News media increasingly revisit the past with an eye toward present-day commerce. The 156- year-old New York Times is one active repackager of history, selling many ‘commemorative sections’ that blend Times front-page coverage with modern, interpretive essays. Advertising them in the newspaper under titles such as ‘Image Conscious’ and ‘Get the Picture’, the Times also sells, at very high prices, ‘exhibition quality’ prints from its vast Photo Archives. Urging its readers to ‘own a moment in history’, this commercial enterprise bolsters the role of journalism in public memory while blurring historical realities of authorship and production. The past the company sells is a mix of facsimile and authentic material culture, and of previous reporting and present reassessment. This essay considers how the Times’ commodification of history illuminates other intersections as well, including those of materiality and imagination, visual and verbal imagery, news and nostalgia, and history and memory.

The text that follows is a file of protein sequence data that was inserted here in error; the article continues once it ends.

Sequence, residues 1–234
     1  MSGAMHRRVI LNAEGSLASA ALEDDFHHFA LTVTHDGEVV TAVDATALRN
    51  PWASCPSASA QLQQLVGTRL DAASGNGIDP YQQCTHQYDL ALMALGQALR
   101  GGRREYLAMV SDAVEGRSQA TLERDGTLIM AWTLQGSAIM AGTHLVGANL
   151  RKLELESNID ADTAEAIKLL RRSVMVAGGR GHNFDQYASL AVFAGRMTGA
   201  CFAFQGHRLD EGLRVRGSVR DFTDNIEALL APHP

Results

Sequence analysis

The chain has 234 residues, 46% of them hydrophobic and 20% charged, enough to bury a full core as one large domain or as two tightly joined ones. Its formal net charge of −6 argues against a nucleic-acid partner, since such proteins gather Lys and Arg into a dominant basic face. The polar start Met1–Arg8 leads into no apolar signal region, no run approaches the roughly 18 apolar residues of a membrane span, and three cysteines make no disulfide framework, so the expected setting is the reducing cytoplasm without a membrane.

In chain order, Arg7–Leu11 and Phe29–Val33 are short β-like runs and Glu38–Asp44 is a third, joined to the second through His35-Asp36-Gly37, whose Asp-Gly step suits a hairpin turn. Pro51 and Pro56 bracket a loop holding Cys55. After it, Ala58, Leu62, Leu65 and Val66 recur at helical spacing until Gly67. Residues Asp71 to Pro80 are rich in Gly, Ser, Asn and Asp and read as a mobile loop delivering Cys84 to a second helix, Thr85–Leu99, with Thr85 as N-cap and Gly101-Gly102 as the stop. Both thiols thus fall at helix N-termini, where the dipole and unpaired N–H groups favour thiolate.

How to Cite:
Kitch, C., (2007). Selling the ‘Authentic Past’: The New York Times and the Branding of History. Westminster Papers in Communication and Culture. 4(4), pp.24–41. DOI: http://doi.org/10.16997/wpcc.109